The numbers are out for Ontario's cannabis sales. Ranging for the period between April 1, 2019, to March 31, 2020, the sales numbers put out by the OCS give a valuable insight into the volume and distribution of sales across retail and online sales.
Coming in at just over C$385 million, with cannabis kilogram equivalent of just over 35 million grams of cannabis, that represents an average of around C$11 per gram equivalent spent per gram of cannabis sold in all forms ranging from dried flower, oils, edibles, capsules, vapes, etc.(1).
Breaking Down The Numbers:
- OCS sales came in at just over C$71 million, representing about 18.5% of the overall sales.
- We anticipate an approximate 80 - 20 split for sales across retail and OCS, to remain constant, despite the continual opening of new stores across Ontario.
- Due to the pandemic which saw temporary closing of retail stores in early March, we expect more consumers to consistently order online through OCS, which offers the lowest prices, as well as direct to door delivery.
- As of March 31 2020, 53 stores were open for business in Ontario.
- The overall sales volume will increase as this number continues to go up.
- As mentioned in my previous article here, Ontario sales are lower compared to its peers. An increase in store density across Ontario is crucial in order to increase sales.
- Average per capita spending of 20$ has scope to go a lot higher, given a store density which is closer to that of the LCBO.
- Dried flower still made up a high percentage of overall sales at 79%.
- We anticipate this number to reduce as new customers will be more interested in options alternate to smoking, including beverages and edible options that are now available.
- We expect the dollar per gram equivalent spent by Ontarians to reduce, but only slightly as the mix of dried flower sales reduce compared to other higher margin products, and dried flower prices continue to come down.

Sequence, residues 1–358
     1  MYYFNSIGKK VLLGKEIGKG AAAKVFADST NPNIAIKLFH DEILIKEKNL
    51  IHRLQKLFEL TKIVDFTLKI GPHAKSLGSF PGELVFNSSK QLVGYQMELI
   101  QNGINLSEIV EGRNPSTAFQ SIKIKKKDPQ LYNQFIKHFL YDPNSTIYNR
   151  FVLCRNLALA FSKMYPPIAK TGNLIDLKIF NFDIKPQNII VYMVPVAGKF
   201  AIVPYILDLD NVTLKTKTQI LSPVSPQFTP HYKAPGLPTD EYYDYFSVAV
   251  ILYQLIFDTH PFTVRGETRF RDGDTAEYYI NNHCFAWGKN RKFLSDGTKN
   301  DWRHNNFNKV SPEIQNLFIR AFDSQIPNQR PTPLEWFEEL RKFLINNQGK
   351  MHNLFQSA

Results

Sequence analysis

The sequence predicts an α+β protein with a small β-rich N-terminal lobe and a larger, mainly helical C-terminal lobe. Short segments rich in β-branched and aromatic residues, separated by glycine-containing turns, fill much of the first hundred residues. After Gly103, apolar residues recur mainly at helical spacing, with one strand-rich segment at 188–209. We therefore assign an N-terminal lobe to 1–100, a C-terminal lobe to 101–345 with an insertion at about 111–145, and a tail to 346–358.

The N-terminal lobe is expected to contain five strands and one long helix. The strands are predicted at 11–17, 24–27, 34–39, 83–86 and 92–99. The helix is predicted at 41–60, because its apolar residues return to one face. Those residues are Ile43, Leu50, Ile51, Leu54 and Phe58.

- The average prices charged by the OCS have been reduced by 25% since the summer of 2019.
- Despite 52% of cannabis sold came in at over 20% THC, the introduction of budget bulk options of 'mid-range' flower has been a key driver in capturing users from the illicit markets.
- Ontario's share of the overall cannabis market compared to the illicit market came in at 19% for Q4 2019.
- This number represents an increase from 18.3% in Q3 2019, and 12.5% in Q2 2019.
- We expect the legal market to reach upwards of 30% market share by the end of 2020 as the illicit market continues to lose out to the continually reduced price points offered by the legal market.
- Cannabis consumers who care about quality grown cannabis, pesticide free will continue switching over to the legal market, especially now that direct to door delivery options are more so readily available across Ontario.
Top Performing Companies
I'll be mainly covering the companies attributed to the top performing brands in the dried flower category, as it represents close to 80% of the sales in Ontario. To get the full break down, you can find the OCS report here.
Aurora Cannabis: (TSX:ACB.TO) Along with their subsidiary MedReleaf's San Rafael '71, came in at the top spot with an impressive 16% market share across Ontario when looking at the retail and OCS sales, and scored well in just about every category(2). The one thing Aurora has going for it is great brand awareness. All the marketing dollars spent by Aurora in brands such as their Aurora Drift line has definitely translated into them getting a well deserved top spot. The question remains however, can they keep their top spot moving forward? It is difficult to say, but having tried a few Aurora products myself, I will say that I would prefer the San Rafael line. As more budget options continue to arrive, and competition continually increases by some of the other names in the list, I see a more even spread of the percent sales moving forward, as Aurora's cost structure is still too high.